Food processors desire to package their food products in a manner compatable with the broadest range of consumer needs. Consumers, on the other hand, require the freedom to choose their own serving size. Consequently, foodstuffs are packaged to optimize the consumer's choice of serving sizes whenever practicable. However, free-flowing mixtures of different size and density particles segregate after packaging, thereby restricting the feasible serving sizes to one: the entire package. Generally, the art has corrected this problem by agglomerating the segregating mixture to produce a non-segregating mixture.
In the past, foods have been agglomerated by a variety of methods, including: steaming and contacting the moistened food particles; moistening and pressing the food particles together, U.S. Pat. No. 518,891 issued to Manwaring; and blending a solid food or foods with an aqueous or an aqueous miscible fluid, U.S. Pat. No. 3,100,909 issued to Schapiro. However, the structure of some foodstuffs, e.g. bread crumbs, collapses at intermediate and high moistures when agitated, thus precluding the use of agglomeration methods wherein the foodstuff is moistened to these levels. Consequently, Hege, U.S. Pat. No. 3,987,138, developed a low moisture method of agglomeration. Hege teaches the use of a small amount of water dispersed in a large volume of a nonmiscible, inert, liquid carrier to lightly moisten the food. However, this procedure, may leave an unacceptable residue of the nonmiscible, inert, liquid carrier in the food.
Block et al., U.S. Pat. No. 3,409,442, teaches a procedure that produces a single particle by aggregating dry ingredients with a foamed, edible binder. According to the Block et al. disclosure, the foam and not the dry ingredients, provides the agglomerated particle with its structure. Furthermore, the Block et al. teaching directs the production of a perceptually moist product. Consequently, Block et al. disclose that the foaming agent should constitute only about 2% of the foam and that the foam overrun is limited to between 150 to 250%. In the Block et al. process, the foam moistens, agglomerates, and provides the framework for the dry ingredients.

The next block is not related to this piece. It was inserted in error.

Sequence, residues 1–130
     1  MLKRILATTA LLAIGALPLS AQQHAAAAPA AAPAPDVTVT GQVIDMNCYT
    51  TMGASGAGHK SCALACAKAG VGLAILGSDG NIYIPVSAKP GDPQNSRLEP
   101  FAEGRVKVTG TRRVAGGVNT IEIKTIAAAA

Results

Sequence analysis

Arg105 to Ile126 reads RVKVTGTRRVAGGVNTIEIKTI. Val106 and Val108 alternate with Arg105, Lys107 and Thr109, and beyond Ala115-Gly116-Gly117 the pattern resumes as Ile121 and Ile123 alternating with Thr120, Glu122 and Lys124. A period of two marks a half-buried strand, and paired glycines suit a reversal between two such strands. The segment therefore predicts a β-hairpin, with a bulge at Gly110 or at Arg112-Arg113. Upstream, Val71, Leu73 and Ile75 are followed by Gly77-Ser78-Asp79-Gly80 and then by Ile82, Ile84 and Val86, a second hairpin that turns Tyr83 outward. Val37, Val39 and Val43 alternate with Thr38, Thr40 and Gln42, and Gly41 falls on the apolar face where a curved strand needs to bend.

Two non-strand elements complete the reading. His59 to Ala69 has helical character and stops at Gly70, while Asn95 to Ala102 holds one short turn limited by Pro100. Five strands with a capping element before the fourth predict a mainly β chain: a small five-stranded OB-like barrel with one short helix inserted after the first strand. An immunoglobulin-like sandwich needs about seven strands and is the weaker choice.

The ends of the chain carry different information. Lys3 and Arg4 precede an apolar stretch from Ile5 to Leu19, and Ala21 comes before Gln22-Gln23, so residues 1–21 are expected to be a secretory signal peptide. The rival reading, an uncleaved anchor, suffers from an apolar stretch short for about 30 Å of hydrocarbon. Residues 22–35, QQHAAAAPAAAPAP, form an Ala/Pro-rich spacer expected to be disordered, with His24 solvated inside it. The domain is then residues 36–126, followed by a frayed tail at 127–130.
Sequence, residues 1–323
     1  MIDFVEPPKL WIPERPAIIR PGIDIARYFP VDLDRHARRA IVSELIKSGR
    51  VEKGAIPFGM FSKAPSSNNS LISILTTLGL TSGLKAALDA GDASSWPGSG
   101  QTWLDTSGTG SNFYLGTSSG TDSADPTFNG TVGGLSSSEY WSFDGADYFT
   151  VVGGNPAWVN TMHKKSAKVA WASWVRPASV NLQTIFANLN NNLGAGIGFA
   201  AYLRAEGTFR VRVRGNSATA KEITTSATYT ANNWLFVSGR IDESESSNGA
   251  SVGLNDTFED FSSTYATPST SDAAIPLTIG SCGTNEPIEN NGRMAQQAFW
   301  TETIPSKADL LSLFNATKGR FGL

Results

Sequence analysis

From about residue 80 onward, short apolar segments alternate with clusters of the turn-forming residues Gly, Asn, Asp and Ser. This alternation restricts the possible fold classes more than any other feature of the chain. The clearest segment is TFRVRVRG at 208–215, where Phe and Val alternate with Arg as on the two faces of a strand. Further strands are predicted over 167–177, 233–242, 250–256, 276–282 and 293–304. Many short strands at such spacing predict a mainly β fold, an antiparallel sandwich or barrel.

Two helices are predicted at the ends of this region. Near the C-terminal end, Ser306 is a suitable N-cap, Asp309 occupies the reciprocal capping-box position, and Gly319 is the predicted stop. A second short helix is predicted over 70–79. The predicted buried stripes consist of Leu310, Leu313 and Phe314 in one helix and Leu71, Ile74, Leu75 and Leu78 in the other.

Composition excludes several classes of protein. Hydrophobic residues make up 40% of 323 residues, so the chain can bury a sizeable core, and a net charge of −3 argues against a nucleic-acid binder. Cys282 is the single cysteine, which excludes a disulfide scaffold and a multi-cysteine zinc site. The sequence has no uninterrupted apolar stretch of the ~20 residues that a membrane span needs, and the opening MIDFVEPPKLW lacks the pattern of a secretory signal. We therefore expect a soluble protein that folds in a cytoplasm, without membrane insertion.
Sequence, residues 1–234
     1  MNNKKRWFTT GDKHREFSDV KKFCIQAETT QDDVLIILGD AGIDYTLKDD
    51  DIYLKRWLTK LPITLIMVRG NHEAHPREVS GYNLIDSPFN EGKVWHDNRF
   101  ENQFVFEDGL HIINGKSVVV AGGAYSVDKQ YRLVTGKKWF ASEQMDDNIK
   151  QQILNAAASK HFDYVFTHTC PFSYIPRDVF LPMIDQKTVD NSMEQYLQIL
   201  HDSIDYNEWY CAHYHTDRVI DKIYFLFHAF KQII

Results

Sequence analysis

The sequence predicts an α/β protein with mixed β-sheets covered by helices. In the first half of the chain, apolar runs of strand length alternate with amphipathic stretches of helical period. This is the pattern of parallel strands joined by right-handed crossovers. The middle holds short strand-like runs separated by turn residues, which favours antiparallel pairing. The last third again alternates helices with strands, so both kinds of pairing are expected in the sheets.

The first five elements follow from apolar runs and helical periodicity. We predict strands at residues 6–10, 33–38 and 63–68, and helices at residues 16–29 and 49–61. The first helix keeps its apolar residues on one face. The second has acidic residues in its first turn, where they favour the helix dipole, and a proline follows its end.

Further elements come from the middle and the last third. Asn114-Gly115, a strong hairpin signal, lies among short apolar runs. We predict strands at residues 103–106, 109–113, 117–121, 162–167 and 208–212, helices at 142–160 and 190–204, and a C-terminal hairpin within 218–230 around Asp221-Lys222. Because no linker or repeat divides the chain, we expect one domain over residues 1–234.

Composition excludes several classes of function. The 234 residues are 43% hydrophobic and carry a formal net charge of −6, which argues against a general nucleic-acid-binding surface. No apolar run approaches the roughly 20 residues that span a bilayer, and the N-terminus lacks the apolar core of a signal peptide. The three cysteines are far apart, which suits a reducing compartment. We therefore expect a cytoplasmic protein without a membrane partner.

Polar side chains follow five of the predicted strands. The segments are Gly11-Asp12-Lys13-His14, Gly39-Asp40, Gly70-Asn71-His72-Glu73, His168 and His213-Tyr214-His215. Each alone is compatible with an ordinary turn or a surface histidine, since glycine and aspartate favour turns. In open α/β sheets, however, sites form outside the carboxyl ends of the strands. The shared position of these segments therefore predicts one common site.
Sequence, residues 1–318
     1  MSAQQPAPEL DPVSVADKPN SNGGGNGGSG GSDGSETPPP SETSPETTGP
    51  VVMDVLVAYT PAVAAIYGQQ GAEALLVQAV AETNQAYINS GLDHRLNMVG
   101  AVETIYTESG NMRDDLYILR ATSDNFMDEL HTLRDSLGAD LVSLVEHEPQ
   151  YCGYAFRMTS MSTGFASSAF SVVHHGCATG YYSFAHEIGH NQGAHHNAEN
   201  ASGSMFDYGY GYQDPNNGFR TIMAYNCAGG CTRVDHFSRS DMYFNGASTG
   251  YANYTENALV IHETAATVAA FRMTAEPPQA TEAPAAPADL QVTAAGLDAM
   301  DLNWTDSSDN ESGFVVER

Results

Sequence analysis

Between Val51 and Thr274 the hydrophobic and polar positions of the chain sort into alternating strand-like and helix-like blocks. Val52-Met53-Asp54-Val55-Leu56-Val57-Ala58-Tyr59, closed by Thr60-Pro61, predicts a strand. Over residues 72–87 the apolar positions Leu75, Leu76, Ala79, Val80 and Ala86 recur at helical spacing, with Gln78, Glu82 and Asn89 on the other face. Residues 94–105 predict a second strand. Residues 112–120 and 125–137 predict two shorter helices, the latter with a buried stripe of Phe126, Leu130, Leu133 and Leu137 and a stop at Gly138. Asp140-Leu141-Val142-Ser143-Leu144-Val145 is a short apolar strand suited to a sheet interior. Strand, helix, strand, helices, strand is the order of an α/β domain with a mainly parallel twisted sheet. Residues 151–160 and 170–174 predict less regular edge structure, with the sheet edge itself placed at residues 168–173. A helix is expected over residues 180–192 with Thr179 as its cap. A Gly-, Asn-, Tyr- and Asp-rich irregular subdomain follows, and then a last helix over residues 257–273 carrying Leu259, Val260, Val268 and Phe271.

This invention involves a process for agglomerating materials, especially food materials and is most useful for agglomerating porous food materials whose structure or other properties are likely to collapse when exposed to moderate or high mositure and agitated. Leavened, baked and dried farinaceous materials, such as bread crumbs and croutons, are suitable for use in this invention. A hydrophylic binding agent is dissolved in water and whipped so as to form a very high overrun foam. This foam is then coated on one portion of the ingredients. The other ingredients are added to the foam-coated material and the combination is well mixed. The resulting mixture is then dried to an acceptable final moisture. This dried agglormerated material may be fractured, granulated, or otherwise divided into smaller pieces.